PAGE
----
Traditional fact checking by expert journalists cannot keep up with the enormous volume of information that is now generated online. Computational fact checking may significantly enhance our ability to evaluate the veracity of dubious information. Here we show that the complexities of human fact checking can be approximated quite well by finding the shortest path between concept nodes under properly defined semantic proximity metrics on knowledge graphs. Framed as a network problem this approach is feasible with efficient computational techniques. We evaluate this approach by examining tens of thousands of claims related to history, entertainment, geography, and biographical information using a public knowledge graph extracted from Wikipedia. Statements independently known to be true consistently receive higher support via our method than do false ones. These findings represent a significant step toward scalable computational fact-checking methods that may one day mitigate the spread of harmful misinformation.
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New Web Observatory Publications are available which introduce the Web Observatory
The Web Science Observatory
Authors: Thanassis Tiropanis, Wendy Hall, Nigel Shadbolt, David De Roure, Noshir Contractor and Jim Hendler
Abstract: The World Wide Web is the largest information fabric in history.People shop, date, trade and communicate with one another using it. Scientists and researchers cannot imagine their work without it. The Web is ubiquitous and pervasive , and like all things that become commonplace, we take it for granted. However, over the past few years there has been a growing recognition that the ecosystem that is the Web needs to be treated as an important and coherent area of study this is Web Science.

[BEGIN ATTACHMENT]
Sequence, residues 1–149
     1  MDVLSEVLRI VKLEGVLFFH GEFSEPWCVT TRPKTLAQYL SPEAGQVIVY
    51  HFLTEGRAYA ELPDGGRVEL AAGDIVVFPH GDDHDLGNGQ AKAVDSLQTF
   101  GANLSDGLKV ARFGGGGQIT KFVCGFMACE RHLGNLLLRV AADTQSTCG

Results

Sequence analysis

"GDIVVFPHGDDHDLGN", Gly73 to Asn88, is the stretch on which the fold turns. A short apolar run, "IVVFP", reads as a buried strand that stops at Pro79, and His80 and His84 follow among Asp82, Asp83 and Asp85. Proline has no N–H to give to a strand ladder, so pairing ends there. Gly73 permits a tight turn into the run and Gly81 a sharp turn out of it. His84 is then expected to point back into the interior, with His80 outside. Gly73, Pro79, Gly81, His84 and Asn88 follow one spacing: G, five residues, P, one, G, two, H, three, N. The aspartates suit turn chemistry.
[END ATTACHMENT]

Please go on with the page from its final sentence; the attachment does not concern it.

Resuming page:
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Web Evolution and Web Science
Authors: Wendy Hall, Thanassis Tiropanis
Abstract: This paper examines the evolution of the World Wide Web as a network of networks and discusses the emergence of Web Science as an interdisciplinary area that can provide us with insights on how the Web developed, and how it has affected and is affected by society. Through its different stages of evolution, the Web has gradually changed from a technological network of documents to a network where documents, data, people and organisations are interlinked in various and often unexpected ways. It has developed from a technological artefact separate from people to an integral part of human activity that is having an increasingly significant impact on the world. This paper outlines the lessons from this retrospective examination of the evolution of the Web, presents the main outcomes of Web Science activities and discusses directions along which future developments could be anticipated
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Citation: Hall, Wendy and Tiropanis, Thanassis (2012) Web Evolution and Web Science. Computer Networks, 56, (18), 3859-3865.
The Web Science Trust Annual Review 2011 is the first Review of the Web Science Trust and summarises the activities of the Trust since its inception in December 2009.